After months of severe travel restrictions due to the Coronavirus pandemic, many countries are now opening up their borders and resuming international travel. As a result, the World Health Organization (WHO) has published a document outlining the key factors health authorities must consider when restarting international travel.
According to the WHO, countries must lift travel restrictions gradually, based on a risk-assessment strategy, which evaluates the country’s local epidemiology, transmission patterns, the healthcare capacities, as well as the national health and social measures being taken to control the outbreak.
According to the document, the following factors have to be taken into account when re-opening:
- Local epidemiology and transmission patterns;
- The national public health and social measures for controlling the outbreaks in both departure and in destination countries;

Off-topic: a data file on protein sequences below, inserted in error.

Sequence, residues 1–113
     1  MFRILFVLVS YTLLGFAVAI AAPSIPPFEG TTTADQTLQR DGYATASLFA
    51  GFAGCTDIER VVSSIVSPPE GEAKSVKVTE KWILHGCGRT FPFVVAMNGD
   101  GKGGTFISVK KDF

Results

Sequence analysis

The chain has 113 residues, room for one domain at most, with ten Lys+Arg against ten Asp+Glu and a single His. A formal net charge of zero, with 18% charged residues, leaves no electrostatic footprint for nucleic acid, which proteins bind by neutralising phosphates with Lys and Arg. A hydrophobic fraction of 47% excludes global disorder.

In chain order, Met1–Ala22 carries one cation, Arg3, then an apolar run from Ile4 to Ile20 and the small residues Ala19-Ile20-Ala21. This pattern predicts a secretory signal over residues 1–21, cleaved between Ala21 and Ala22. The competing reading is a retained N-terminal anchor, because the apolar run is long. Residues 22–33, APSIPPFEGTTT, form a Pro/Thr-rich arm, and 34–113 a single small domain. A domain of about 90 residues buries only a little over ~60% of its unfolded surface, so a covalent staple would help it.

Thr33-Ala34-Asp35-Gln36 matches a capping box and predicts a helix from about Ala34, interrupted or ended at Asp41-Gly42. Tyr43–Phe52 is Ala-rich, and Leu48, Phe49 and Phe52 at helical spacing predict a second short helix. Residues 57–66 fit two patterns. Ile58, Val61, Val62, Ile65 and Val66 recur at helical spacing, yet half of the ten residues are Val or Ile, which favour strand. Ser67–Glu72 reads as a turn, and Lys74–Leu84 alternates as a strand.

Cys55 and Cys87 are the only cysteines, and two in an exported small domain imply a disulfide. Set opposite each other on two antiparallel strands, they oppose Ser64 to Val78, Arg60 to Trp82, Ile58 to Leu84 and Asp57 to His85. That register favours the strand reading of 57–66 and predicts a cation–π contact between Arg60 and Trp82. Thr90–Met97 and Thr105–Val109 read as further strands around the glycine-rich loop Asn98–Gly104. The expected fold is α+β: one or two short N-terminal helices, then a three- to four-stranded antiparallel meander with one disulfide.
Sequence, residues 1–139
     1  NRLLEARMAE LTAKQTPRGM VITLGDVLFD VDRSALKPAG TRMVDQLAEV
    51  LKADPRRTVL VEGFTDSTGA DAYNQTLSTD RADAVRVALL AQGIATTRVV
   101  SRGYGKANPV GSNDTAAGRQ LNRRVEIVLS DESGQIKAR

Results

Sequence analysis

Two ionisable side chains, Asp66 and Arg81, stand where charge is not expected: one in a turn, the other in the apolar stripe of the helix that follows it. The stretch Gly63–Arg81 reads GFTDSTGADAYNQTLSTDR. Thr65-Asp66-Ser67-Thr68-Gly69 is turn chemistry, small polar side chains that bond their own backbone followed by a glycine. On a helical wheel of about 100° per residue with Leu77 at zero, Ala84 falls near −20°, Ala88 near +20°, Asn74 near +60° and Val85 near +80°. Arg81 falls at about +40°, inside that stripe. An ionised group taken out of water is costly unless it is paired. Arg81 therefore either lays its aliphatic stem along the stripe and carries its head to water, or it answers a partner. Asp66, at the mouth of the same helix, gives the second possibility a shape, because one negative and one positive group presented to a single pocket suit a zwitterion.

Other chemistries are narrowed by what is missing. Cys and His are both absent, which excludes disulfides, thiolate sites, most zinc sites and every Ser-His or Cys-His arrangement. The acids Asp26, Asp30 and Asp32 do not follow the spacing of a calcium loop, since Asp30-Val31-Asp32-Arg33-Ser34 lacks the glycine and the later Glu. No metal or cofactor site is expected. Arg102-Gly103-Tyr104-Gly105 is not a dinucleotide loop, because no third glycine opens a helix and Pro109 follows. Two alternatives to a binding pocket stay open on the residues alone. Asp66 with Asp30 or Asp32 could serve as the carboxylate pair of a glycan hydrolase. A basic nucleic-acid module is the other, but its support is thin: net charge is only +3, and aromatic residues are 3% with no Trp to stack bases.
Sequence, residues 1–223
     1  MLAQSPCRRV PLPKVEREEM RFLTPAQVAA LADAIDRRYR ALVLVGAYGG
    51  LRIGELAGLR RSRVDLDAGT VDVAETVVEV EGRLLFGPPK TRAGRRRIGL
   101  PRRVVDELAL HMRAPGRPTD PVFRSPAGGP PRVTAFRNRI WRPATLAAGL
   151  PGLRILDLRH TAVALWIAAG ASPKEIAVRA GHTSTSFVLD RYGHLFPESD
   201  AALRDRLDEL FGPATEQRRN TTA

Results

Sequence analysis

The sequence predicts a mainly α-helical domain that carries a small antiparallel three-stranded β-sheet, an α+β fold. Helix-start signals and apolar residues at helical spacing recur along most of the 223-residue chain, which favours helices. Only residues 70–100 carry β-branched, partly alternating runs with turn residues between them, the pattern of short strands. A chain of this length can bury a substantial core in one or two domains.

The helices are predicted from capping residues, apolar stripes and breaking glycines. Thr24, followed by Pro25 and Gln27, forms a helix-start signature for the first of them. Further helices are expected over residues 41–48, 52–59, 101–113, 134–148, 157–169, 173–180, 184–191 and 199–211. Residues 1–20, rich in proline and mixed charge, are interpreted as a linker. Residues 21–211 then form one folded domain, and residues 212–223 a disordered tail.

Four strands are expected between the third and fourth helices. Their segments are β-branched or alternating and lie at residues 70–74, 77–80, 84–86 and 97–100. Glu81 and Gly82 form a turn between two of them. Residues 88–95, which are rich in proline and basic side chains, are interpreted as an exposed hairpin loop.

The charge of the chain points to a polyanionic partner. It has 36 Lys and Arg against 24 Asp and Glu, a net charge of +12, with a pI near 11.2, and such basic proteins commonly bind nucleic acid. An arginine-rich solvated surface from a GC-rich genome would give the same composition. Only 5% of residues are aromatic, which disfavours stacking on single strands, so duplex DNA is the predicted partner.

- Public health and health service capacity at national and subnational levels to manage suspect and confirmed cases among travellers, including at points of entry (ports, airports, ground crossings) to mitigate and manage the risk of importation or exportation of the disease;
- The evolving knowledge about COVID-19 transmission and its clinical features.
The global health agency cautions that there is no “zero risk” approach in the context of international border crossing, but advises that when the priority should be given to essential travel, including travel for emergencies, humanitarian action (such as medical flights and evacuation), transporting essential health personnel, repatriation, as well as cargo transport for food, and medical and energy supplies.
WHO Director-General Dr Tedros Adhanom Ghebreyesus called the pandemic a “once-in-a-century health crisis” in a news release, adding that its effects will be felt for years to come. Indeed, several countries are seeing a resurgence of coronavirus infections after easing lockdown and travel bans.
“Many countries that believed they were past the worst are now grappling with new outbreaks,” Dr. Ghebreyesus said. “Some that were less affected in the earliest weeks are now seeing escalating numbers of cases and deaths. And some that had large outbreaks have brought them under control.”